Law enforcement officers are our country’s front line in the fight against crime. They perform a difficult and dangerous job with skill and dedication.
But the nation’s law enforcement officers constantly face extraordinary new challenges with limited resources.
One such challenge is strengthening the relationships between police departments and the communities that they serve. The events in Ferguson, Missouri, in August 2014 sparked a wave of protests across the country that have kept policing practices at the forefront of the national consciousness.
Effective law enforcement requires trust and mutual respect between law enforcement agencies and their communities. Most law enforcement leaders recognize that creating stronger human connections and community engagement will lead to improved public safety and more effective crime fighting. While building strong police-community relations requires a sustained effort over time, maintaining these relationships is exceedingly difficult during and in the aftermath of a high-profile incident or civil unrest.
With support from the Office of Justice Programs, the National Initiative for Building Community Trust and Justice is designed to improve relationships and increase trust between communities and the criminal justice system. It also aims to advance the public and scholarly understandings of the issues contributing to those relationships.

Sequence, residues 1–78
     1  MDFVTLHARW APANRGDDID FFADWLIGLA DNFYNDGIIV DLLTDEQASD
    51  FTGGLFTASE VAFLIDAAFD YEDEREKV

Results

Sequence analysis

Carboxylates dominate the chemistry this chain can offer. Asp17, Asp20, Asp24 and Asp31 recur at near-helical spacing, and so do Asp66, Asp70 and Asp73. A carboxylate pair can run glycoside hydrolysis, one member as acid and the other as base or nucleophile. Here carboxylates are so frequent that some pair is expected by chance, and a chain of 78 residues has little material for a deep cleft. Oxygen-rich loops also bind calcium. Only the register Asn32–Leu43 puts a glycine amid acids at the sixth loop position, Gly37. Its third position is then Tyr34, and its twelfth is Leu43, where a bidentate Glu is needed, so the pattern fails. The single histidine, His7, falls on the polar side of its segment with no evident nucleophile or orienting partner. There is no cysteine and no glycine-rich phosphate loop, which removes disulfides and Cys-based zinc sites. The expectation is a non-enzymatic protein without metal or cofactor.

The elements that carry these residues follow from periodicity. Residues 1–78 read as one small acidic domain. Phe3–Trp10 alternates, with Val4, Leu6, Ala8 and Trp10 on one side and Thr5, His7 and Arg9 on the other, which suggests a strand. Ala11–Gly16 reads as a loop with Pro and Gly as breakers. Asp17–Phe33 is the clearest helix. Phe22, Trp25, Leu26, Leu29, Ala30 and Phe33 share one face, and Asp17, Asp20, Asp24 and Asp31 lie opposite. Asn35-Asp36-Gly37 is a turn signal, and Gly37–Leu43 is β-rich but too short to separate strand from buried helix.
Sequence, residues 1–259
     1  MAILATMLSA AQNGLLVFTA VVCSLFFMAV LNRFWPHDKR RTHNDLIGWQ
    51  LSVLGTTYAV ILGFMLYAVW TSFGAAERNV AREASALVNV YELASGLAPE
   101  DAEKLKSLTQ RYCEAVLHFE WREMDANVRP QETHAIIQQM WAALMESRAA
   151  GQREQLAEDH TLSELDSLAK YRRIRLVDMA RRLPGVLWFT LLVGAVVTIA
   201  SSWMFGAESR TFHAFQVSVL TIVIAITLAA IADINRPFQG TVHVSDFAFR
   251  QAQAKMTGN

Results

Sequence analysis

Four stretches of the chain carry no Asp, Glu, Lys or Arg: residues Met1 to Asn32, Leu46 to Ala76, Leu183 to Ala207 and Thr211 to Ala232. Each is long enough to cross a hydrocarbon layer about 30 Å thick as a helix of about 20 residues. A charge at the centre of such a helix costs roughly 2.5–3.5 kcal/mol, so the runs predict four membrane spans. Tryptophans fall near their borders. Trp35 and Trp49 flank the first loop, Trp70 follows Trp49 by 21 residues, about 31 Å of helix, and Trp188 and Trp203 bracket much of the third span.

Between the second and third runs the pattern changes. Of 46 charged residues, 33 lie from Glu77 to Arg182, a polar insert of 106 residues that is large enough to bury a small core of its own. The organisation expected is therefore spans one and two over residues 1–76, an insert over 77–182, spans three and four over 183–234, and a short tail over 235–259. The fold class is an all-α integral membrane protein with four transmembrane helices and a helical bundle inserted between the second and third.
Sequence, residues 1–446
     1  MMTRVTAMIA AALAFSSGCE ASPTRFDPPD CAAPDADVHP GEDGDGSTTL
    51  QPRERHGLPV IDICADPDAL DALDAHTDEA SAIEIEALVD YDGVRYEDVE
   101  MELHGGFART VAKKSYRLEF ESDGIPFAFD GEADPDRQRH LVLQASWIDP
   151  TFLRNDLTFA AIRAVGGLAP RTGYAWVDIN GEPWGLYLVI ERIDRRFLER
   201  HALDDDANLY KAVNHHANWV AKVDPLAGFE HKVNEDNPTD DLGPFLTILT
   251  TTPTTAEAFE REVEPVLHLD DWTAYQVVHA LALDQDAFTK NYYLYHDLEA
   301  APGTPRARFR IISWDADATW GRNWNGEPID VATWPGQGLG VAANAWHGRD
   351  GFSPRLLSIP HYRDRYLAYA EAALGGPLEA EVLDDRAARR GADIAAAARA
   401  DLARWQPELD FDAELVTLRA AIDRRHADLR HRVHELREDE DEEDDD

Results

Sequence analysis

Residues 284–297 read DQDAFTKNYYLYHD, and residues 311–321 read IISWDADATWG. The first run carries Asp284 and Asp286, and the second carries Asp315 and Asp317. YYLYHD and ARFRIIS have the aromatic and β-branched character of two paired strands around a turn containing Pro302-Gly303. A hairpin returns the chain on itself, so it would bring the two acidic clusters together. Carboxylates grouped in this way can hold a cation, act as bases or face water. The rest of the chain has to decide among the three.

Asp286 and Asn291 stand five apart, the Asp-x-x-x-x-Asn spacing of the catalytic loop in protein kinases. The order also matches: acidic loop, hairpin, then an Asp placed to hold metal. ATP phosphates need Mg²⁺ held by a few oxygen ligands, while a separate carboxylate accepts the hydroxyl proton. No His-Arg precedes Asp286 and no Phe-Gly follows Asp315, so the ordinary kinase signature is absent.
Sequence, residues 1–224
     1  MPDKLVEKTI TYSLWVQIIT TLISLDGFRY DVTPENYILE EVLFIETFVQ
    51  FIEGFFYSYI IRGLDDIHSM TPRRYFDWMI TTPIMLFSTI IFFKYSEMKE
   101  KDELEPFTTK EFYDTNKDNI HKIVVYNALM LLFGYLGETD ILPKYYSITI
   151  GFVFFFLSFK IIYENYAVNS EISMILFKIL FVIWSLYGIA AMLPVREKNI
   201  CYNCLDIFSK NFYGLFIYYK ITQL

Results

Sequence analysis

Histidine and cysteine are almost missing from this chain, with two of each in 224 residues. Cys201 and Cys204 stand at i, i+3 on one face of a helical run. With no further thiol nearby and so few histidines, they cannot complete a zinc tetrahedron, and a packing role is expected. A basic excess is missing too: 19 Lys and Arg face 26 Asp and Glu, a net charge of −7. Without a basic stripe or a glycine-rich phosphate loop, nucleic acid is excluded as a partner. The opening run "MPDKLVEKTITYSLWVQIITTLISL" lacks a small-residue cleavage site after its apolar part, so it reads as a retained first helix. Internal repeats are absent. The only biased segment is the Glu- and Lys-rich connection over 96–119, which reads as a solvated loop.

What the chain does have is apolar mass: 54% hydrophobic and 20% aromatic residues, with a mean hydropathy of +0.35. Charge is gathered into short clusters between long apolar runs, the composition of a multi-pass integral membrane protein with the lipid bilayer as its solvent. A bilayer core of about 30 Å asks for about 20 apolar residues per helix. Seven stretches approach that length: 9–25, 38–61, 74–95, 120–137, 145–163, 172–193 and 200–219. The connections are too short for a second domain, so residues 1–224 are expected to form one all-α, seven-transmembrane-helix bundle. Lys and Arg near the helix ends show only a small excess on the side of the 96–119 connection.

In 1962, President John F. Kennedy designated May 15 of each year as Peace Officers Memorial Day to honor the federal, state, municipal, and tribal officers who die or are disabled in the line of duty. He also designated the week in which Peace Officers Memorial Day falls as National Police Week, a tradition that continues today.
In recognition of the crucial services provided by law enforcement personnel and to celebrate their brave efforts, NCJRS presents this compilation of publications and resources for law enforcement officers, agencies, and loved ones. Select a topic from the section at the right under the heading “Law Enforcement Resources” to learn more.